Friday, February 7, 2020

Taking On 2019: Top Films

Hey! We're here, the Oscars are about to happen and we can finally put a bow on the year that was, and as such that means I'm ready to write down this list with pictures and words that list, definitively, the best films of last year. At the halfway mark I'd already seen some pretty good films, but there are so many heavy hitters to come that things really did change. But you know what they say, the more things change, the more they stay the same. That is to say that you can check out all the things I watched on Letterboxd, but how about we get down to the Top Ten?

10. Parasite

The latest from Bong Joon-ho came in with pretty lofty expectations on my end, having been responsible for some of my favorite films, and while there are arguments to be made as to how it stands up against the rest of his filmography, he manages to once again craft one of the year's best. With a tightly wound story, tremendous cast, and his mastery of blending genres creates Parasite certainly brings together some of the year's most memorable scenes. As it wraps up there are more traces of Park Chan-wook than I was expecting, but with so much quiet action throughout it's hard to see Bong Joon-ho's latest as another rousing success in a career without a miss.

9. Fourteen

Every year there seems to be something that takes me completely by surprise, and this year I was floored when I finished up with that at the Philadelphia Film Festival by how strong of a grip it had on character, friendship, and the nuanced pains of life that so often either get overlooked or have the drama ratcheted up to Make You Feel. And there are bigger scenes here, but even those are rooted in realism that they can evoke emotion all on their own. Plus there's that train station scene where Sallitt just lets the camera linger in a way that encapsulates all the care that this film takes in capturing and depicting life. All around a remarkable film, and that's without even mentioning the two central performances from Tallie Medel and Norma Kuhling that are among the year's best.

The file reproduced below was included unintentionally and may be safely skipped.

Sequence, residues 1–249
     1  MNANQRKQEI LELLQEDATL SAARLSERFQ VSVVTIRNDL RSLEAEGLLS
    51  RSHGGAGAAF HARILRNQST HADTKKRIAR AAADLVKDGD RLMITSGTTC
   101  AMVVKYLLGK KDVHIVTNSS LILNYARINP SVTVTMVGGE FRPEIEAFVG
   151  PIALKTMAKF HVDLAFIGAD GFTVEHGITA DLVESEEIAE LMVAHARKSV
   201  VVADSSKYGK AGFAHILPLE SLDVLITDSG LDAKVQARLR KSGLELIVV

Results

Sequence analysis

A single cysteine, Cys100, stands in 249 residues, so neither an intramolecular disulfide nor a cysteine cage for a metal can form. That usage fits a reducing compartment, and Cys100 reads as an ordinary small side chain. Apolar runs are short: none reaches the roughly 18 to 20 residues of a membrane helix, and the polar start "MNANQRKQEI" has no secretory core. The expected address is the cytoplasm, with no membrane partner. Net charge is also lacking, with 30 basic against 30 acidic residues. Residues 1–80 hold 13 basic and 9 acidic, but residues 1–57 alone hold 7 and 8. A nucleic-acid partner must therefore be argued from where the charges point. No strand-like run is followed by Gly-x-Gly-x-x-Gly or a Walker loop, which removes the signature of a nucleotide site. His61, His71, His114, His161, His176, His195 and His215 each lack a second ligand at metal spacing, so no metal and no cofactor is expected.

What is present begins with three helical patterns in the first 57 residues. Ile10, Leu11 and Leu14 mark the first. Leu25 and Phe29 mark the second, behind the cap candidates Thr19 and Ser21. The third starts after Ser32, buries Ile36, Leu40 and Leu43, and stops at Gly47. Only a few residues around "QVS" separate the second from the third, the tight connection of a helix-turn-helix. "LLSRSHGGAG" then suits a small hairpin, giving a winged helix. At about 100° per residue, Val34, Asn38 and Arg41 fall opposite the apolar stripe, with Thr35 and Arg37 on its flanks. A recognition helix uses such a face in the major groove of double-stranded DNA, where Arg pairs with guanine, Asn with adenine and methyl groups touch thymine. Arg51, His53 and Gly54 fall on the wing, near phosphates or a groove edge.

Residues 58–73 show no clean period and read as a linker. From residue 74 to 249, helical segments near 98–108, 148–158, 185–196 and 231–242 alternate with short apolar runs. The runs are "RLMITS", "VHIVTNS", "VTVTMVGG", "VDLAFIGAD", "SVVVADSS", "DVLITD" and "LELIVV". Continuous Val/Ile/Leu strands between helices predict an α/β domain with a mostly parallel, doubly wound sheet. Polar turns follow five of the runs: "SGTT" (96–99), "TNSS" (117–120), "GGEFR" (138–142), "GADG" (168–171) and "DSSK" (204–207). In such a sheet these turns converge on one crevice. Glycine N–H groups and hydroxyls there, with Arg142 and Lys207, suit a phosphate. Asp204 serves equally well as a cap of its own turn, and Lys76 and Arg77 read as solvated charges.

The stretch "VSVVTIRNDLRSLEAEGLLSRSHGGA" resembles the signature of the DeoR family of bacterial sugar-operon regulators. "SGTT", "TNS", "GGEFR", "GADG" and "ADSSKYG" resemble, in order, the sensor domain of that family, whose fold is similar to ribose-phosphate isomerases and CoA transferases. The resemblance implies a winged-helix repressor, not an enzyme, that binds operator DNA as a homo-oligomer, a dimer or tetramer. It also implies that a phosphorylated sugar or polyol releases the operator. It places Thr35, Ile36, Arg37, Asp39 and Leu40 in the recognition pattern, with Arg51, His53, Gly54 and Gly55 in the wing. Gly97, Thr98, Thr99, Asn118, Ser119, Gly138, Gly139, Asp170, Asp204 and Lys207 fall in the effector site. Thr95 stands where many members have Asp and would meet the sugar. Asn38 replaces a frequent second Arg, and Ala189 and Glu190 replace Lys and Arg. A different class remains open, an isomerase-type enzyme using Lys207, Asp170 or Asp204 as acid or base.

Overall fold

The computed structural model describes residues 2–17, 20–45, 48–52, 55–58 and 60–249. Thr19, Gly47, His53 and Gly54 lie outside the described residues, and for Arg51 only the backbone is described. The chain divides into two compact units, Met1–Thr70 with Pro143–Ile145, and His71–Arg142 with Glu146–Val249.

8. Deerskin

Coming in to putting this list together, I wasn't sold on 2019 being all that great of a year, and while I do still question that, the fact that Deerskin sits so low in these final rankings is perhaps a testament to how high the year's highs ended up hitting. From start to finish, this film finds Dupieux apparently doing what he does, and at a remarkably high level. Aided by a wonderfully committed performance from Jean Dujardin, there's a meditation on art and the artist wrapped in that sweet, sweet deerskin jacket. Its lean run time means not a moment is wasted, as it brings you in to its truly killer style.

7. The Beach Bum